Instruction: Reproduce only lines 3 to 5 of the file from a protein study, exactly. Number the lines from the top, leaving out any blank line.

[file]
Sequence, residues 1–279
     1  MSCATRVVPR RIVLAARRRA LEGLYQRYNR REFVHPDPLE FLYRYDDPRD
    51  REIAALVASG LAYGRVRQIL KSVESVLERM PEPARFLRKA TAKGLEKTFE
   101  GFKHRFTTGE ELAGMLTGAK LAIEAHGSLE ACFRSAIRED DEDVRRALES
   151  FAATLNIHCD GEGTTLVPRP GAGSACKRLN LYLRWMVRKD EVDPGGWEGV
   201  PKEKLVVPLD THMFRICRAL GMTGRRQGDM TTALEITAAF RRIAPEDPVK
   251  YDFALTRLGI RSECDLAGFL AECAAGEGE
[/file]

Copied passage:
    51  REIAALVASG LAYGRVRQIL KSVESVLERM PEPARFLRKA TAKGLEKTFE
   101  GFKHRFTTGE ELAGMLTGAK LAIEAHGSLE ACFRSAIRED DEDVRRALES
   151  FAATLNIHCD GEGTTLVPRP GAGSACKRLN LYLRWMVRKD EVDPGGWEGV